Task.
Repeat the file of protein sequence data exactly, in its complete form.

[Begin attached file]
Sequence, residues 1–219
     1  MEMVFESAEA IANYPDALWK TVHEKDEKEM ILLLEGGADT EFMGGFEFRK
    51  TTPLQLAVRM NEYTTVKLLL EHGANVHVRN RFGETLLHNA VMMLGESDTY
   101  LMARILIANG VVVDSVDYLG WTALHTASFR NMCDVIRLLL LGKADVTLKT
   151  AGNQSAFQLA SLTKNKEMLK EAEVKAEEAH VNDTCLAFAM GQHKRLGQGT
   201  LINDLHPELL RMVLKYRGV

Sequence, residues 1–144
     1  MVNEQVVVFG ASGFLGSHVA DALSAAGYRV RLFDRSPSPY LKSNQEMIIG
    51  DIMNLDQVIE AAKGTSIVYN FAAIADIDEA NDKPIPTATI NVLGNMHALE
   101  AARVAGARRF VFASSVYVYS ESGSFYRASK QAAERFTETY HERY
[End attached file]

Sequence, residues 1–219
     1  MEMVFESAEA IANYPDALWK TVHEKDEKEM ILLLEGGADT EFMGGFEFRK
    51  TTPLQLAVRM NEYTTVKLLL EHGANVHVRN RFGETLLHNA VMMLGESDTY
   101  LMARILIANG VVVDSVDYLG WTALHTASFR NMCDVIRLLL LGKADVTLKT
   151  AGNQSAFQLA SLTKNKEMLK EAEVKAEEAH VNDTCLAFAM GQHKRLGQGT
   201  LINDLHPELL RMVLKYRGV

Sequence, residues 1–144
     1  MVNEQVVVFG ASGFLGSHVA DALSAAGYRV RLFDRSPSPY LKSNQEMIIG
    51  DIMNLDQVIE AAKGTSIVYN FAAIADIDEA NDKPIPTATI NVLGNMHALE
   101  AARVAGARRF VFASSVYVYS ESGSFYRASK QAAERFTETY HERY